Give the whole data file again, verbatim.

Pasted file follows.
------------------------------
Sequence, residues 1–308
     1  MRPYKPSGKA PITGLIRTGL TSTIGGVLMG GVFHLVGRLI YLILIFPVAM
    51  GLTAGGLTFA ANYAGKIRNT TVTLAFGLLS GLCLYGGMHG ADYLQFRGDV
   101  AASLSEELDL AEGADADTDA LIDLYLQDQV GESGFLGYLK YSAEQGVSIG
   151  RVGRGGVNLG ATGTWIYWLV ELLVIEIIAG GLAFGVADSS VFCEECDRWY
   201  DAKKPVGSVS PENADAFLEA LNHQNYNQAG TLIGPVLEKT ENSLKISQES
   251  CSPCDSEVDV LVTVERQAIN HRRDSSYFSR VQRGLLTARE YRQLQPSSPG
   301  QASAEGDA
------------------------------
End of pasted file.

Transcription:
Sequence, residues 1–308
     1  MRPYKPSGKA PITGLIRTGL TSTIGGVLMG GVFHLVGRLI YLILIFPVAM
    51  GLTAGGLTFA ANYAGKIRNT TVTLAFGLLS GLCLYGGMHG ADYLQFRGDV
   101  AASLSEELDL AEGADADTDA LIDLYLQDQV GESGFLGYLK YSAEQGVSIG
   151  RVGRGGVNLG ATGTWIYWLV ELLVIEIIAG GLAFGVADSS VFCEECDRWY
   201  DAKKPVGSVS PENADAFLEA LNHQNYNQAG TLIGPVLEKT ENSLKISQES
   251  CSPCDSEVDV LVTVERQAIN HRRDSSYFSR VQRGLLTARE YRQLQPSSPG
   301  QASAEGDA